This was posted last year much later than the day it happened as I couldn’t bring myself to write it and acknowledge that the Camino was finished. This year I’m posting it on May 20th which is the date it took place on last year.
I am writing this post over a month after having completed the Camino but as with the last post, everything is as though it was yesterday. I have no doubt delayed this post as it is close to the final one and then I will have to admit that it is over in the physical sense. I had planned to write the whole walk in one post, however as I was typing away I realised that the post would be too long that way as there was so much to say and I was still only on the first day.
I set off from Santiago on the morning of the 20th May ready for the 1st part of my walk to Finisterre. I set off early knowing that there was a steep climb of 3.4km at Aguapesada and the heat of the day wouldn’t be far away.
Starting the walk from Santiago rather than aiming to finish there was an interesting feeling, however as I had always planned for my pilgrimage to end in Finisterre, I was ready to get walking. None of the pilgrims I had previously walked with were continuing so this felt like a whole new experience.
On the path where the route to Finisterre and Muxia starts, there is a kilometre marker and what a relief it is to see less than 90kms to go.
The path soon leads into woodlands leading up and away from the city allowing the sound of silence to once again take over my walk. A quick look back and you get a lovely view of the cathedral and city.
In the days leading up to this walk, those who weren’t continuing kept telling me how lucky I was as once again I would be able to walk free of crowds and pilgrims jostling for space along the path. Unfortunately, the first day was invaded by tourists who were dropped off to do part of the walk knowing that there was a bus to collect them along the way. This meant that any peace and quiet was covered by their loud talking as they were simply there to noisily chat and call out to each other rather than take part in a reflective walk. Where was this so called less popular stage of the Camino I asked myself.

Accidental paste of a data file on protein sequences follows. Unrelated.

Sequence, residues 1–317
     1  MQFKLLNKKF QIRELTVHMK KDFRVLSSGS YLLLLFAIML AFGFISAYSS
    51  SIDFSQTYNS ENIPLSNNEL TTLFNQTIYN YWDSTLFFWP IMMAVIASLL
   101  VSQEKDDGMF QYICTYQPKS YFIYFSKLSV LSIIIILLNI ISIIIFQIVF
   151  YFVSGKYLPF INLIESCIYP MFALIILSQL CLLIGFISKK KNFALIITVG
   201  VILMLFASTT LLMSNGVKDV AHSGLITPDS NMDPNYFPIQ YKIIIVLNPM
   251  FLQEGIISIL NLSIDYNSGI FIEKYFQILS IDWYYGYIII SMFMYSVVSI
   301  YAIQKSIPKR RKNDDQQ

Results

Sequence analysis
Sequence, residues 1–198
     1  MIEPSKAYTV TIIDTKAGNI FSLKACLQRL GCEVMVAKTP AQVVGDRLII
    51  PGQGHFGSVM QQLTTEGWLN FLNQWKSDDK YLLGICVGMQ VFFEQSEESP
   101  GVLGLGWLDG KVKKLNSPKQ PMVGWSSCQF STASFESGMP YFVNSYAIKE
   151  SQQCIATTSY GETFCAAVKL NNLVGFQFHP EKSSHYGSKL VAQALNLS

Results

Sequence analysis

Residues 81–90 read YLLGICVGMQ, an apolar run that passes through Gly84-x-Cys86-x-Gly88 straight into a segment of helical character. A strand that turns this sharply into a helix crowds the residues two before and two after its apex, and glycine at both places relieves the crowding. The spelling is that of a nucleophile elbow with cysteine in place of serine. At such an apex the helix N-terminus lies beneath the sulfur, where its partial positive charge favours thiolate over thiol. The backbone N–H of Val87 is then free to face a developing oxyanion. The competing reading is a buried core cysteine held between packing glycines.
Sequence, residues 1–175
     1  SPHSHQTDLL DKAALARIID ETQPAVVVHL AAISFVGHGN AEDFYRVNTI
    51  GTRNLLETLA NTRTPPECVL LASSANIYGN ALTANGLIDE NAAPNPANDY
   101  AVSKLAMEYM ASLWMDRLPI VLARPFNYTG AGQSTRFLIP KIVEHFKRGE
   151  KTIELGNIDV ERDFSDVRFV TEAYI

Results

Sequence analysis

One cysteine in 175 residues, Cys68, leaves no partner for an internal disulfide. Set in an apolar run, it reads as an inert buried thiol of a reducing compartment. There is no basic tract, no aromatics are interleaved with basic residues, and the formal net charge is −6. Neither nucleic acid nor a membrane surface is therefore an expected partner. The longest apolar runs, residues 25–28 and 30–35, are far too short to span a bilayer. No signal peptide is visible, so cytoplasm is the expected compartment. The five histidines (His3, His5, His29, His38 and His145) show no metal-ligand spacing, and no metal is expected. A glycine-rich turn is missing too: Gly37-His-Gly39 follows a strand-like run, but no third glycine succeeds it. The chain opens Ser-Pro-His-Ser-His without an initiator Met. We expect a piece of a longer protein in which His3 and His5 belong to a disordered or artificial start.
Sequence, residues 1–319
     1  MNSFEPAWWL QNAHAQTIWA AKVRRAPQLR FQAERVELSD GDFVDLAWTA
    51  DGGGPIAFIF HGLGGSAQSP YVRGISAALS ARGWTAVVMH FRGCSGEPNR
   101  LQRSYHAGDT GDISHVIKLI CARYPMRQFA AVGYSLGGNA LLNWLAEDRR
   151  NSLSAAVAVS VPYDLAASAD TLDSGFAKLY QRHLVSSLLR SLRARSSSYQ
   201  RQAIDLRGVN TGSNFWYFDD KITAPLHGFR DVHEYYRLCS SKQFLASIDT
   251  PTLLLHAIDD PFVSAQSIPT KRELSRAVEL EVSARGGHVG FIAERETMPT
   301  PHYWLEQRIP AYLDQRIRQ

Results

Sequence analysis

It wasn’t long after the steep hill that the tourists started to find their bus and were driven off to lunch somewhere. This is where the path leads you gently down towards Ponte Maceira passing some small hamlets along the way.
I stopped for lunch at a cafe overlooking the river Tambre which was lovely and peaceful. Some took advantage of a beautiful day combined with being able to get down to the river’s edge and bathed their feet in the river. The 13th century bridge across the river provides the opportunity to take lots of picturesque photos and to enjoy the walk.
The walk from here to Negreira has many other beautiful views, however in the heat the temptation is to want to arrive at your destination. Therefore it is disappointing to see a steep path in front of you leading into Negreira!
From Negreira, my 2nd day took me to Olveiroa and many more beautiful views. I’m glad I decided to break this down into stages!
Until the next update Buen camino!